Use this URL to cite or link to this record in EThOS:
Title: The role of the sister chromatid during repair of a DNA double-strand break
Author: Patel, Amit
Awarding Body: Imperial College London
Current Institution: Imperial College London
Date of Award: 2013
Availability of Full Text:
Access from EThOS:
Access from Institution:
Chromosomal breaks are extremely cytotoxic and can occur during normal cell metabolism, and after exposure to exogenous DNA damaging agents. Double strand breaks (DSBs) are repaired to maintain and restore genetic integrity, principally through two major pathways: homologous recombination (HR) and non-homologous end-joining (NHEJ). HR can be error-free when sister chromatids are used as a template for repair, and is initiated by nucleolytic resection of the DSB. Cyclin-dependent kinase 1 (Cdk1) activity is crucial to promote HR. As Cdk1 activity and the sister chromatid are only present during certain cell division cycle stages, this study investigated whether in addition to Cdk1 activity the presence of an intact sister chromatid is a requirement to initiate HR. Conditional alleles that arrest the cell division cycle with separated sister chromatids and high Cdk1 activity were constructed in budding yeast and used to investigate this possibility. This study has found that HR occurs with segregated sister chromatids during telophase, at a time when mitotic Cdk1 activity is high. HR is also less efficient during metaphase if microtubule function is impaired. Overall, the availability of the sister chromatid is not an additional requirement to mitotic Cdk1 activity to promote DSB repair with the HR pathway.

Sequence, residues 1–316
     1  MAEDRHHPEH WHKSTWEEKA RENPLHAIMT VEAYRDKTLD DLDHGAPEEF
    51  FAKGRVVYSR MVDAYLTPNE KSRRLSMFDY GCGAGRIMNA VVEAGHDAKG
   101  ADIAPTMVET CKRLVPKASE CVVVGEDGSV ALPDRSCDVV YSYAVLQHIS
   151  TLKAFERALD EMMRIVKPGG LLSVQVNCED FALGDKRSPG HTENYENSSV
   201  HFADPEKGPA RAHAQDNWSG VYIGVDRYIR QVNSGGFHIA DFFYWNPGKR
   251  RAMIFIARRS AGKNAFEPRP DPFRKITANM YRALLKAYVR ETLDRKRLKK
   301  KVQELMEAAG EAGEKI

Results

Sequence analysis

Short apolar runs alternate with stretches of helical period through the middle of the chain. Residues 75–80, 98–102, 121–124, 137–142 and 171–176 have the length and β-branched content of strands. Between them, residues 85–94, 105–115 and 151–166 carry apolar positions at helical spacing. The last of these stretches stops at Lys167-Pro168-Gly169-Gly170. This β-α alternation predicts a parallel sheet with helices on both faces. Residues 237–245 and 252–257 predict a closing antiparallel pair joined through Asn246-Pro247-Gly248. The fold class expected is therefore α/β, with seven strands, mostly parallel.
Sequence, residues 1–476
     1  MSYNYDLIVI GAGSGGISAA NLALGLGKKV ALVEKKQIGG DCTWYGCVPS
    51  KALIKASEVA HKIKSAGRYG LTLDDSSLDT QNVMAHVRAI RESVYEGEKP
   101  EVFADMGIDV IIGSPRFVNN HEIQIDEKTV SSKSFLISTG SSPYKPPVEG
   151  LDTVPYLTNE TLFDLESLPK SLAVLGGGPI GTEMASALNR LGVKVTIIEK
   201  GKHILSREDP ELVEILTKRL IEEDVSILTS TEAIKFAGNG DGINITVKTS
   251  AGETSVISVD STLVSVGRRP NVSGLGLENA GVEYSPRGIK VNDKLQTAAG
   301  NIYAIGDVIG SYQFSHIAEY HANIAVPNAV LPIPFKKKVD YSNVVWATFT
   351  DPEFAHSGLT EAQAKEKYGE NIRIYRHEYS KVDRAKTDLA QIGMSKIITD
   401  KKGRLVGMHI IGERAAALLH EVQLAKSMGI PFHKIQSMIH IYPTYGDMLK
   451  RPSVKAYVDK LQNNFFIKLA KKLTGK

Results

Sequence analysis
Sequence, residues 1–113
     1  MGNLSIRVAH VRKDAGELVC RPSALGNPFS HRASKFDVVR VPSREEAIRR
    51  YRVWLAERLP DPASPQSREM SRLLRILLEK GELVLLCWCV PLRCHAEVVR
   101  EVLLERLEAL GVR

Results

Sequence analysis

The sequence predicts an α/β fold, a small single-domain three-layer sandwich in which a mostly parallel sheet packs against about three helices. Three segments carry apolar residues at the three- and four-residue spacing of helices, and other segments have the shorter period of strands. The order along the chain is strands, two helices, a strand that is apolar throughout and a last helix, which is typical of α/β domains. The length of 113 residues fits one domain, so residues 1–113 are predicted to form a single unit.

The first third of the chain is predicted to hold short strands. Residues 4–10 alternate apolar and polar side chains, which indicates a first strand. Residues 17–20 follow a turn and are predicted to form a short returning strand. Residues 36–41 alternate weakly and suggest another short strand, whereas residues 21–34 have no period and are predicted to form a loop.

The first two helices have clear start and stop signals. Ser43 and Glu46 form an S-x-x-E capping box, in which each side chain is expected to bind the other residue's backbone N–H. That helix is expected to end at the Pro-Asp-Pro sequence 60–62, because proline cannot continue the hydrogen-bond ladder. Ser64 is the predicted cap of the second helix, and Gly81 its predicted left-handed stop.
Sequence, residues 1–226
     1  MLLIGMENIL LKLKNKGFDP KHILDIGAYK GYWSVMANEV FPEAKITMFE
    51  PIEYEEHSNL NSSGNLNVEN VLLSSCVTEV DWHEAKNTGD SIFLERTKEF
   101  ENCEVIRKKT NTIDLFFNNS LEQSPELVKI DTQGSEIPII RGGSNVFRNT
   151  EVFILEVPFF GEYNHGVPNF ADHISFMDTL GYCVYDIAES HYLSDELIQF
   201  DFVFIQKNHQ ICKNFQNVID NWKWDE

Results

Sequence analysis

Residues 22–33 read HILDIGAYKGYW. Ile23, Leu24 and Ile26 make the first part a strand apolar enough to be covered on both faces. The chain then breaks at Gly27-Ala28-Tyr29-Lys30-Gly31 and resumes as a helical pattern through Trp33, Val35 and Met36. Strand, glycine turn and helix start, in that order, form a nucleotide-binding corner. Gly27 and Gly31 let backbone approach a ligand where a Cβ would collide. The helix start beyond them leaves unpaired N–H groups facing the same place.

Supervisor: Aragon, Luis Sponsor: Medical Research Council ; Imperial College London ; National Institute for Health Research ; Imperial College Healthcare NHS Trust
Qualification Name: Thesis (Ph.D.) Qualification Level: Doctoral
EThOS ID:  DOI: Not available